There was a sound above suddenly, the wings of dragons, close to her, and a voice calling out the name of "Hiccup, son!!" She opened her mouth, leaned her head, the water washing over her. Her movement made her unstable, and she started to sink, panicked and sent the water washing faster over her. "Hiccup--" the gruff man's voice came again, Stoick's voice, and she put together quickly what he thought. He would not be happy when he discovered his mistake. The wrath of a dragon had almost killed her, and now to face the wrath of man? This man . . . She looked up at him, but his dragon swept in suddenly, too fast for either of them to see the other, and she felt him grab her, in a haste that was definitive of war, the creature sweeping down, splashing in the waves, rising up again, his wings collecting the air and sucking in the vortex of wind in the dragon's shrill scream. Stoick's big hands held firm to her arm and she gasped as the motion tested her will against the injuries inflicted by Toothless. She latched her other hand to Stoick's arm, instinct telling her to hold on, as the wind waved her white cape deftly behind her. She mumbled something, a cry of fear when she saw how red and stained she had become, the color seeping through her clothing through the water soaking her. Stoick's arm tensed suddenly and he looked down at her, starkly. "You--" Shocked, horrified.

She opened her mouth, thought better of it.

"Where's Hiccup?" The man's voice was faint, breathless, not a question as much as a realization. She kept her grip on the man's arm, as the dragon roared again, as if he knew the tension in the air. She was at a loss, her mind whirring. Would he believe anything she said? Would he believe her if she said she didn't want to kill his son anymore?

Stoick jabbed his arm up suddenly, bringing her up, and she gasped as his arm gripped her clothing with a vicious anger. "You murderer."

"I did not kill your son," she gasped.

"What kind of liar do you think you are?"

She inhaled, looked into those eyes that boiled with anger, hatred, love for that boy she tried so hard to destroy. Suddenly he just looked like a father, a father like her own, here in the windy vastness of the sea, in the dirty grime of war, the anger and conviction in his face. It was her own father, without the guilt, without the pain, without the life he now led. She looked into those eyes, without fear suddenly of the vengeance that she was sure that was coming to her. The wind was kicking up around them, the roll of thunder and the yell of warriors as the dragon flew into the Hooligans' forces, far from the Skirra VĂ©llite line. "Would you believe me if I said he's still alive?" she yelled, through the mad noise of battle.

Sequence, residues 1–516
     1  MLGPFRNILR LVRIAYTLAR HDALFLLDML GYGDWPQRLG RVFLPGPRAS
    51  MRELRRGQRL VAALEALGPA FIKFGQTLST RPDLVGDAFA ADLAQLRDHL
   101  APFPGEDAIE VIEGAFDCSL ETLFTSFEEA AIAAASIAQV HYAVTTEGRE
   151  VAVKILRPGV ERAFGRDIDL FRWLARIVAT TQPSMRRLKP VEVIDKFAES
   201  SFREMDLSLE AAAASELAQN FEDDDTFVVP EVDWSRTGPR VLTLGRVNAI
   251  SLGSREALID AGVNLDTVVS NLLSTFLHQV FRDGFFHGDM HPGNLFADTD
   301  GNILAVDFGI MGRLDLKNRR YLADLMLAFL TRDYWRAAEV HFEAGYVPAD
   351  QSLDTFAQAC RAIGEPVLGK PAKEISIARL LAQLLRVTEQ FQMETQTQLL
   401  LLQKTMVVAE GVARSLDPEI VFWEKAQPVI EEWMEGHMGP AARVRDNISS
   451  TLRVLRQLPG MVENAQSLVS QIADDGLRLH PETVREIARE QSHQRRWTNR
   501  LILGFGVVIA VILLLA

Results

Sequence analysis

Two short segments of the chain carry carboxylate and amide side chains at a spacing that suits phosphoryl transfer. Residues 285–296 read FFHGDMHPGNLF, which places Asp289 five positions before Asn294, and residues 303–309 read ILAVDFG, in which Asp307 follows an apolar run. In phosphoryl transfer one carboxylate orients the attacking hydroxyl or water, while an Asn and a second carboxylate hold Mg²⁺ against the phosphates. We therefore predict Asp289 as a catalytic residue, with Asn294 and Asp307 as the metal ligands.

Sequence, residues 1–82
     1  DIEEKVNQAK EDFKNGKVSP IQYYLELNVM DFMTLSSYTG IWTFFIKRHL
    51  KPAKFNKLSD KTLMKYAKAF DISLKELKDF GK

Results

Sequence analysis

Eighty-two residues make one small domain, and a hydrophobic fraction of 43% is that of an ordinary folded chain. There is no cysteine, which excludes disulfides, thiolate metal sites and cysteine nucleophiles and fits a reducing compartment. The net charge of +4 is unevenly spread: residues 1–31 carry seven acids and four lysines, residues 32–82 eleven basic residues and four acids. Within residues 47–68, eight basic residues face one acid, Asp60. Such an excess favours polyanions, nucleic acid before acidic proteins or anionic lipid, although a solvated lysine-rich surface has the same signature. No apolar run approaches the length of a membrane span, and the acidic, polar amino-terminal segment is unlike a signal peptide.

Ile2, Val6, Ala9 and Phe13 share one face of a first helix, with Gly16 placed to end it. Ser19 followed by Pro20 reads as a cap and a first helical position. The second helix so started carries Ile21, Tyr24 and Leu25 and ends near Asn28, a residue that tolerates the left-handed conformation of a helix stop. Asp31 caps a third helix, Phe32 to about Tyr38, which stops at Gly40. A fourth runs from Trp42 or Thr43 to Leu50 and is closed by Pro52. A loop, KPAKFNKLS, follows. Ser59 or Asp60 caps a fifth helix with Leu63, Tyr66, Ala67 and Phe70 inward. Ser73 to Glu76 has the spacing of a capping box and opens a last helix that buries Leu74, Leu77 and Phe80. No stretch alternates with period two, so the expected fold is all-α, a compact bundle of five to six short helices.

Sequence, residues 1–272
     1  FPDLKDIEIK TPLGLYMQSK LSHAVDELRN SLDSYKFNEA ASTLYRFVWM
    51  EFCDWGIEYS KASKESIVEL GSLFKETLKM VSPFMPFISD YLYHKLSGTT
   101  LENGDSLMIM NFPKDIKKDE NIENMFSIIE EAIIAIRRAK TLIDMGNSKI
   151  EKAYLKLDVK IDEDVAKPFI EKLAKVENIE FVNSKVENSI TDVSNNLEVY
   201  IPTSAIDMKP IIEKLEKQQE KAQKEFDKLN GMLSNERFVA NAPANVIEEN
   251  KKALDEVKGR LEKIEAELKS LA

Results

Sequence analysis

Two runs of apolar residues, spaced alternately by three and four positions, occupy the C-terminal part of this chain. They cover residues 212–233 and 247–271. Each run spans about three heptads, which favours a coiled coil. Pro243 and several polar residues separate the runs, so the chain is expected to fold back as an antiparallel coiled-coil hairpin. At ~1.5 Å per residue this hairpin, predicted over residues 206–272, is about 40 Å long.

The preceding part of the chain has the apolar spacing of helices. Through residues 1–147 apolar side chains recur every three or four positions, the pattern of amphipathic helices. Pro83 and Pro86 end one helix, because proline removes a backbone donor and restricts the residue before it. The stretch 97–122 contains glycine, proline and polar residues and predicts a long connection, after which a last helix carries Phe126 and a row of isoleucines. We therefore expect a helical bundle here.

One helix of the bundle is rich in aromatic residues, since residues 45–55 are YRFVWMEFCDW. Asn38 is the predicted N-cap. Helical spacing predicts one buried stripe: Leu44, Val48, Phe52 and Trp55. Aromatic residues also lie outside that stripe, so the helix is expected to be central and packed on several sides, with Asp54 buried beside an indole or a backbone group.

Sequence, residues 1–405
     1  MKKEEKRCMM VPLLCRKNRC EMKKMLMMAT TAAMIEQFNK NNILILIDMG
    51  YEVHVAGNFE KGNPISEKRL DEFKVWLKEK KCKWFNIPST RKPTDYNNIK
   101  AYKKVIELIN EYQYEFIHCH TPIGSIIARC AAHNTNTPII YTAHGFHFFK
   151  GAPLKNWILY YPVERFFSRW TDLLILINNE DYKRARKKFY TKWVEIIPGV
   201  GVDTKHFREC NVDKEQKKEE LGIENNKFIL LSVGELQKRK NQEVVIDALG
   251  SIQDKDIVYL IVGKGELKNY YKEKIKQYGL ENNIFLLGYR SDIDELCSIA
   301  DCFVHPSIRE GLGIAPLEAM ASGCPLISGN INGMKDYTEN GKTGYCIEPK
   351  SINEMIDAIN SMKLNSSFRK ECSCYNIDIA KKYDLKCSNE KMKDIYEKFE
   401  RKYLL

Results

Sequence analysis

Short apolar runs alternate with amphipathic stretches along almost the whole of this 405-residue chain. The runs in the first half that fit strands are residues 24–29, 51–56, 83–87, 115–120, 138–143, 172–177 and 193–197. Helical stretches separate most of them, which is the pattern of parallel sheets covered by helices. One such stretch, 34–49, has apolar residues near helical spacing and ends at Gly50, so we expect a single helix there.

"Why should I?"

"Because it's true."

The dragon descended suddenly, a sweeping flight alongside a ship, splashing down by the hull, the ship shaking to the motion. The dragon growled, swinging his body to align with the ship, as if in practiced motion, efficient for battle. To Heather who had never seen dragons act with such discipline all she could feel was Hiccup, his touch in this place, on these creatures. Stoick hauled her up on the ship, threw her on the deck, and she found herself surrounded by the enemy, faces shocked and confused, looking to their leader, who gave none of them a glance, but only looked at her, stared at her, his eyes hard and intent on justice. Heather didn't move, kept her place on the deck, stared back with the same intensity and confidence that she found in those eyes. She was a girl who wouldn't show her emotions, not to the enemy.

"Is that who I think it is?" drawled a one-legged warrior with a rock for a tooth.

Stoick firmed his hand on his axe, knelt down and leaned to her. She craned her neck to face him, her hand searching for her sword, but finding none there in her scabbard.

"If you didn't kill my son," he whispered, his voice hard, "then what have you done to him?"

"He's alive, isn't that enough?"

He grabbed her, his thick hand on her collar, raising her off the ground. "Don't play with me."

She choked on his grip, still chilled from her experience in the water, looked up at him, her voice thin. "What do you want me to say?"

He shoved her down, and she pursed her lips, expecting the worst. He balled his fist and threw it into her, knuckles on her jaw. She screeched, grabbed his hand and held it. "Where is he?" he shouted into her face.

"I don't know," she gasped.

"This is my son's life we're talking about, where is he?" His voice broke angry over her, spit on her cheeks.

She lashed in his grip, and he pressed harder, the steam of his anger rushing from his soul. But what use would it be to lie to him? Did she have too many options after all? Those eyes of Stoick's spelled death and she knew it was her lot in his hands. It was over ever since Toothless downed her. It was planned that way, wasn't it? Wasn't that Fate? "My father has him," she breathed, without much care or thought.

"Rune?" His voice broke.

"He'll try to kill him, but he won't," she whispered, her fingers curling around his big hand, her mind beginning to feel the after effects of the past events, the sparking pain of Toothless' wrath, the pressure to her throat. She looked up to him, saw his mind working behind the anger in them. "Does my brother still have Hiccup?" he whispered, a fear and horror, mixed with anger in his tone. He didn't wait for her answer, raised his hand suddenly to his men. He shoved her towards one of the men who came forward, commanded him to take one of the prisoners they'd captured. "Send him back to my brother with a message," Stoick said thickly, his heavy voice laced with suppressed wrath. He stared at her and she inadvertently shivered in his glare. She knew what he was about to say before he even said it, and somehow it felt right, even as she knew it would burn her father's heart. She wanted this to be over, she wanted it all to end, and she was even contented now if Hiccup survived.

:: ::